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How sweet it is -- for New York City restaurants, delis, movie theaters and other establishments selling sugary beverages anyway.
A judge on Monday invalidated New York City's plan to ban large sugary drinks, one day before the new law was to take effect.
State Supreme Court Justice Milton Tingling in Manhattan ruled the new regulation was "arbitrary and capricious" and declared it invalid, after the American Beverage Association and other business groups had sued the city challenging the ban.
Bottom line, Tingling ruled, New York City Mayor Michael Bloomberg and the city's Board of Health did not have the authority to issue the soda ban.
At a press conference Monday evening, Bloomberg decried the judge's ruling and vowed to appeal.
UPDATE: The City of New York on Tuesday officially appealed the decision.
"We think the judge is totally in error in the way he interpreted the law and we're very confident that we will win on appeal," he said.
Touting New York City public health policies from the last decade -- from banning trans fats to requiring chain restaurants to post calorie counts -- Bloomberg emphasized that the large sugary beverage rule is about saving lives.
"As far as we have come, there is one public health crisis that has grown worse and worse over the years, and that is obesity," he said. "Five thousand people will die of obesity this year in New York. The best science tells us that sugary drinks are a cause of obesity."
Beverage manufacturers and business groups had called the law an illegal overreach that would infringe upon consumers' personal liberty.
In his 37-page ruling, Judge Tingling agreed with the special interest groups, saying that the sugary drink ban “would create an administrative Leviathan and violate the separation of powers doctrine.”
The ban would have prohibited the city's food-service businesses from selling sugary drinks larger than 16 ounces, though city officials had said they would not begin imposing $200 fines on offending businesses until June. The city will place that policy on hold pending the appeal.
Companies like Coca-Cola, PepsiCo and McDonald's Corp. had argued that the ban was inconsistent in its application, since it would still permit grocery and convenience stores to sell the drinks in any size.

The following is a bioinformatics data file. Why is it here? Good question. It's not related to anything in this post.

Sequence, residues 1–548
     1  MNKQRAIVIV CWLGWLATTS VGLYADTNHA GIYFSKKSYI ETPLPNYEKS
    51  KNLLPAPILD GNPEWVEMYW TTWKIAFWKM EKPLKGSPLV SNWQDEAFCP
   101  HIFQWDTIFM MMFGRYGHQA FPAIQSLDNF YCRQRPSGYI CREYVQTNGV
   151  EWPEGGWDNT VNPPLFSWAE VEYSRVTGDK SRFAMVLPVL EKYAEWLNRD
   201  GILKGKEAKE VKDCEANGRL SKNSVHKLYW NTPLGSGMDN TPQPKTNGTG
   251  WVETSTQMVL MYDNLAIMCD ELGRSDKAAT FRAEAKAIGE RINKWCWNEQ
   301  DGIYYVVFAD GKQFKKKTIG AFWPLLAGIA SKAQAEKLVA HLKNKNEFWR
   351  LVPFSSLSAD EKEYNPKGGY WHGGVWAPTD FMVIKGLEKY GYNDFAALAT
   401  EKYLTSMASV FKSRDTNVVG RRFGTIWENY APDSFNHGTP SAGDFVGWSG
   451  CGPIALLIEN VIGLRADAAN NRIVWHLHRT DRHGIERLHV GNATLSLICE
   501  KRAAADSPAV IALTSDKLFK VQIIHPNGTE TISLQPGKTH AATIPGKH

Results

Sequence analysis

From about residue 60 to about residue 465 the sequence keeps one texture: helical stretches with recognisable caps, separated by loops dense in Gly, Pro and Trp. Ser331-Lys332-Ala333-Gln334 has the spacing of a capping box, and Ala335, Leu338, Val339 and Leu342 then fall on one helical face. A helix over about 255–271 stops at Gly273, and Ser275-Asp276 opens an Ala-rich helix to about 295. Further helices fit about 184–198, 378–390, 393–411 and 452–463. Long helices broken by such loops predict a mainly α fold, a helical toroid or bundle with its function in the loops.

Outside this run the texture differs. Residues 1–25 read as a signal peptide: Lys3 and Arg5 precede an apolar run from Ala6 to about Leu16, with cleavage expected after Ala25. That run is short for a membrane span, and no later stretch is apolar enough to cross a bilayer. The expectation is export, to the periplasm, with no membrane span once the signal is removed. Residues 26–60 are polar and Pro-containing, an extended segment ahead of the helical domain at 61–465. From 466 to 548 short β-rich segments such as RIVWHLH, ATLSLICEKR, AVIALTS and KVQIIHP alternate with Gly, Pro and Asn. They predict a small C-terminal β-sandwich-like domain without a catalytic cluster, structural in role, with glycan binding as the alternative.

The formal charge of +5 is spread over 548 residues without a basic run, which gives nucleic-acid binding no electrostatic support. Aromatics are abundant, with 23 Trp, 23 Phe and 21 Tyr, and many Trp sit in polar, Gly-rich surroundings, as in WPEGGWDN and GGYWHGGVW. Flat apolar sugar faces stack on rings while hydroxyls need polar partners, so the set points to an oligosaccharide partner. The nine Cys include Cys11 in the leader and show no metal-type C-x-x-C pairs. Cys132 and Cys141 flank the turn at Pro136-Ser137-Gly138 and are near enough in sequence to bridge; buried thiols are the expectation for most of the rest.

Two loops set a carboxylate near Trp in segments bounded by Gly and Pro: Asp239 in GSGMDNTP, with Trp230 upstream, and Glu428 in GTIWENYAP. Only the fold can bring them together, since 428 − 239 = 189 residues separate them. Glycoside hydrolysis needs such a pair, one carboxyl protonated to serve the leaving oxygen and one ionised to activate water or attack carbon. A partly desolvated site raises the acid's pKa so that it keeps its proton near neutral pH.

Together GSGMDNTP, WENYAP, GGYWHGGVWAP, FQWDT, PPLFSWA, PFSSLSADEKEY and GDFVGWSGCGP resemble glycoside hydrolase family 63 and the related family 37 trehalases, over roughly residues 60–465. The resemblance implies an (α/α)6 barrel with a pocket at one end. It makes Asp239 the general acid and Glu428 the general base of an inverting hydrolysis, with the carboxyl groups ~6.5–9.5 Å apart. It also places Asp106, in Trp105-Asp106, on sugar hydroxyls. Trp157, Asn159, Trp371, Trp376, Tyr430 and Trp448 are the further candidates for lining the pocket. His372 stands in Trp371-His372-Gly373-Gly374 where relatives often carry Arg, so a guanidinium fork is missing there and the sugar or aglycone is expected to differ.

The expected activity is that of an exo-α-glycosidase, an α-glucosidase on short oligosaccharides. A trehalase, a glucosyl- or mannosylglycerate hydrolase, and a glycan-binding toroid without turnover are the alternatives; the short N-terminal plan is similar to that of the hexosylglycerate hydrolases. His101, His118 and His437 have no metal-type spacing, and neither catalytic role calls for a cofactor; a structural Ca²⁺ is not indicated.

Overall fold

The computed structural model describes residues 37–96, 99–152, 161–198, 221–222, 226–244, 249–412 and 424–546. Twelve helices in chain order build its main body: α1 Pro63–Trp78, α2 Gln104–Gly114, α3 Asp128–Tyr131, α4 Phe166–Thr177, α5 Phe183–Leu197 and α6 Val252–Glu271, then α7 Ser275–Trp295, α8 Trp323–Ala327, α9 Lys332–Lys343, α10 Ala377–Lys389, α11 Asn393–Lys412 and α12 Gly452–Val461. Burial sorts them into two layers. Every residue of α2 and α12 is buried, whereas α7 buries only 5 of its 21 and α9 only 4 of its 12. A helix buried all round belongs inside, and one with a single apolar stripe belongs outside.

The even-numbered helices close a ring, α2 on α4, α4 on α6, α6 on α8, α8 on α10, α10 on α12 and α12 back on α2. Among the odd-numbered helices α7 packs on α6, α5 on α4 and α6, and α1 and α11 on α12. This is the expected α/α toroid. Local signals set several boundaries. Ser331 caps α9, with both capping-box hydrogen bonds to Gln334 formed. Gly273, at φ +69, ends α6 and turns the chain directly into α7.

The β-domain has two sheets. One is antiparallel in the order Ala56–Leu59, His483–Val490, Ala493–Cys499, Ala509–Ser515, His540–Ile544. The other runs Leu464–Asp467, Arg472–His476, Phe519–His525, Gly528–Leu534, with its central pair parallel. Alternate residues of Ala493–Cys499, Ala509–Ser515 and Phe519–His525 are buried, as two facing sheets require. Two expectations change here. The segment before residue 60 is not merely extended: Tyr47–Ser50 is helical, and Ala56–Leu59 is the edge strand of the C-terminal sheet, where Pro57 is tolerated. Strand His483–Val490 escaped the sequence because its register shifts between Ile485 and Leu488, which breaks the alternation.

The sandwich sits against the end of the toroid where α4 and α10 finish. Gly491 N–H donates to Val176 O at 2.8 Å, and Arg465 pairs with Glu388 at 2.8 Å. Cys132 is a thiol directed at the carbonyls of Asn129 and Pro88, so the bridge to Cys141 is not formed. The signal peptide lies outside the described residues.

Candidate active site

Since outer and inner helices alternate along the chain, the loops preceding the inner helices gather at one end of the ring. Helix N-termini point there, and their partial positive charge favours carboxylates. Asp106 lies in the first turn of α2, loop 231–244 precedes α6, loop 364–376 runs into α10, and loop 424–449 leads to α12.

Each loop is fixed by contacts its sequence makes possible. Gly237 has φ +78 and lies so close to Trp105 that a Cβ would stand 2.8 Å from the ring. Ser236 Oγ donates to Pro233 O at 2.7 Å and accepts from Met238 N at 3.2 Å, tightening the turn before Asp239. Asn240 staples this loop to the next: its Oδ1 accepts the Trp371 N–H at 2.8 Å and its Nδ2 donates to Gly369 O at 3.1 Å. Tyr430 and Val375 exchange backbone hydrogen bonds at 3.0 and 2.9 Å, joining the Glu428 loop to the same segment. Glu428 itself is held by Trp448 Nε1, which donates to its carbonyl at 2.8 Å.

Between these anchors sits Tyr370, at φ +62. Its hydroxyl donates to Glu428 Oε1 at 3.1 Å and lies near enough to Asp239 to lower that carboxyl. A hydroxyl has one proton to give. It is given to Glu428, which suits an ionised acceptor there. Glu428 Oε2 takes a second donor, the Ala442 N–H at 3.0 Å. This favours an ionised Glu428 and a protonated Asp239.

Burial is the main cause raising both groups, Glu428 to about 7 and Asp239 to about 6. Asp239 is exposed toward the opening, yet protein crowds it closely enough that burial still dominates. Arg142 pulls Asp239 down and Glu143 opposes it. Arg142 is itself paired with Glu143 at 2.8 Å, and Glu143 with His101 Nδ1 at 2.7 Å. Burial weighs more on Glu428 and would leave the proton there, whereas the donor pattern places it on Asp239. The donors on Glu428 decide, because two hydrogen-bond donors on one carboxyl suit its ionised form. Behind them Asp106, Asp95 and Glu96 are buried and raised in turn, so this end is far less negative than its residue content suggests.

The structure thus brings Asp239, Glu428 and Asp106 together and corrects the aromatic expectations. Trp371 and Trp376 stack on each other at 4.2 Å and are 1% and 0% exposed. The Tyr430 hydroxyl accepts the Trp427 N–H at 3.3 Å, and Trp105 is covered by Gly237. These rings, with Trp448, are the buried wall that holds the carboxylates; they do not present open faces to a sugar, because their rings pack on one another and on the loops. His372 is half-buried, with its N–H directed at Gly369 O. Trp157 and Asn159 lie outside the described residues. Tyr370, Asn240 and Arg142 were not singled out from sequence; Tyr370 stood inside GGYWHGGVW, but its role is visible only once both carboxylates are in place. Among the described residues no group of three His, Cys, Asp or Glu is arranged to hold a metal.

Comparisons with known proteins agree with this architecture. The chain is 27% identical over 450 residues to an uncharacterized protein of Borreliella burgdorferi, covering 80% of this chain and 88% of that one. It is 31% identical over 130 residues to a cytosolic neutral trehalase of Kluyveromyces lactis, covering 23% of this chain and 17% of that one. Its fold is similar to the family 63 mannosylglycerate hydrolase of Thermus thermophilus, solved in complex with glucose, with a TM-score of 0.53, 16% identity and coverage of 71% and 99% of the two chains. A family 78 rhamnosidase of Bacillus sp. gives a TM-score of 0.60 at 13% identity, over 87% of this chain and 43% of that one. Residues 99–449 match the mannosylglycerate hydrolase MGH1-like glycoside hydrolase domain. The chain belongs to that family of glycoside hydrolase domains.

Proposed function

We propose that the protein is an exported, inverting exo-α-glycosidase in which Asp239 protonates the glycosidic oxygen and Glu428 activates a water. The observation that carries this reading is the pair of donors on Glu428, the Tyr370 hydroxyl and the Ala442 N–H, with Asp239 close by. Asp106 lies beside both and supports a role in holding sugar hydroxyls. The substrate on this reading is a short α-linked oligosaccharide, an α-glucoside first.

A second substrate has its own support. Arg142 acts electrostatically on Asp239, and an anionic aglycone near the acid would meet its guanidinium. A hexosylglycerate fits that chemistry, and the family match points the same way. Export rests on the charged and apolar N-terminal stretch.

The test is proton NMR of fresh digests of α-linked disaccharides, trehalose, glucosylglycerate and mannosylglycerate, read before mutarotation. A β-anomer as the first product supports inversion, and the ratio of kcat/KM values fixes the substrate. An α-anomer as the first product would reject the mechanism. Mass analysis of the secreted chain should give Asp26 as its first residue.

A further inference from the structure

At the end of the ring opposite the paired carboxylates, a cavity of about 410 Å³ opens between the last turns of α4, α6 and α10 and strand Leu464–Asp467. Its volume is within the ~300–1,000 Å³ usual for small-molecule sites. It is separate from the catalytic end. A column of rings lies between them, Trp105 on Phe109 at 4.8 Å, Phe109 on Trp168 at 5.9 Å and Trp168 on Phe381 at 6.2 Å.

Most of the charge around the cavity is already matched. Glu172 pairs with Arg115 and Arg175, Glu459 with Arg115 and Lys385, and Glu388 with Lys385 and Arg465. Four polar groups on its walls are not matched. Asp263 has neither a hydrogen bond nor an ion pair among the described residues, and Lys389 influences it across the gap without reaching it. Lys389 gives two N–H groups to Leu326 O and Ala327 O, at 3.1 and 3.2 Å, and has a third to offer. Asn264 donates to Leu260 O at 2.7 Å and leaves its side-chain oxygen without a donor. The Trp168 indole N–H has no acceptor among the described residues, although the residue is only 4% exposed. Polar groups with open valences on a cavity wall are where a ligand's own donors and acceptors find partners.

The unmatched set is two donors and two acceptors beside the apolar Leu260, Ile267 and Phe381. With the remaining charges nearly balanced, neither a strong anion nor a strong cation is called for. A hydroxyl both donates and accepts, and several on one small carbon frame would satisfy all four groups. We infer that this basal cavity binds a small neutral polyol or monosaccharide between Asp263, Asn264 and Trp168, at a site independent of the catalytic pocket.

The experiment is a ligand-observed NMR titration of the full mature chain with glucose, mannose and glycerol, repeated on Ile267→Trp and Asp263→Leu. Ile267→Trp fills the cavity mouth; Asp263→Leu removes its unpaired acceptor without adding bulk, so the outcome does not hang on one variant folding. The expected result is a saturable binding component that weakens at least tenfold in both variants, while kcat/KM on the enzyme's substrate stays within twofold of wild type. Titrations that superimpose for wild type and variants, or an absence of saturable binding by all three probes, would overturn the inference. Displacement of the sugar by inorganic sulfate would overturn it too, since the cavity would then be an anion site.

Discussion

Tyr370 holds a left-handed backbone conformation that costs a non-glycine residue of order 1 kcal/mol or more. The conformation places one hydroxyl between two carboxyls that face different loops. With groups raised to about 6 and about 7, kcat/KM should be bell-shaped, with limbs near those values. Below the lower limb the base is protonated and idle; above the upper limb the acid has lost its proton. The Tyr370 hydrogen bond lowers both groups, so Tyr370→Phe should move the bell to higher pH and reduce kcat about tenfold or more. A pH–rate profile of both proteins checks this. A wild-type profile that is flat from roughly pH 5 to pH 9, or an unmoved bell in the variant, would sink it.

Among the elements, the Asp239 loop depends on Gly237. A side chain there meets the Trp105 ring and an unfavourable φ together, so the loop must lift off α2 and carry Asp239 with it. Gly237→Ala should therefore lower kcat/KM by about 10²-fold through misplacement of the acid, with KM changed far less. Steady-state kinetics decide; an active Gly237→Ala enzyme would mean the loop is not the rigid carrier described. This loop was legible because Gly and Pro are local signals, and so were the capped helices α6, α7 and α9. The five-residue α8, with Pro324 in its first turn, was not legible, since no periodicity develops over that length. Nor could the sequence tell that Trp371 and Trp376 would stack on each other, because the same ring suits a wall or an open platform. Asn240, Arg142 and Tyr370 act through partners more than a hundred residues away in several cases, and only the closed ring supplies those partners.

Judge Tingling further noted that sweet alcoholic beverages were exempt, as was soy milk, although almond, rice and hemp drinks fell under the rule. And the infamous Big Gulp was exempt because it is sold by 7-Eleven, which as a convenience store does not fall under the jurisdiction of the Board of Health.
The American Beverage Association released this statement following the ruling:
“The court ruling provides a sigh of relief to New Yorkers and thousands of small businesses in New York City that would have been harmed by this arbitrary and unpopular ban. With this ruling behind us, we look forward to collaborating with city leaders on solutions that will have a meaningful and lasting impact on the people of New York City.”
Matthew Greller of the National Association of Theatre Owners of New York State wrote that the issue was “never about obesity, nor about soda.”
“This was all about power,” Greller said. “Greater education, awareness and collaboration with all the stakeholders will make a far greater impact than any unpopular and unfair executive decree.”
Although Judge Tingling’s ruling sides with the special interest groups, it acknowledges at length that obesity has been a problem in New York, responsible for about $4 billion in direct medical costs – of which tax payers pay for about 60 percent.
"The Board of Health does not limit anyone’s consumption, it just requires them to think about whether they really want more than 16 ounces,” Bloomberg said. “Remember that for many years, the standard soda size was 6 ounces, then it became 12 and people thought that was huge.”
In anticipation of the soda ban, Bloomberg on Monday released new data tying sugary drinks to the city's fattest neighborhoods. The new city study showed nine of the neighborhoods with the 10 highest obesity rates were also the highest in sugary drink consumption. At the other end, the three least obese neighborhoods were also the lowest in sugary drink consumption.
At the press conference, Bloomberg repeated that those most impacted are in poor neighborhoods.
“There’s no question that empty calories contribute to the problem,” Bloomberg said at Monday’s press conference. “It’s much worse in poorer neighborhoods. This is the science, we have to do something about it.”
Reuters contributed to this report.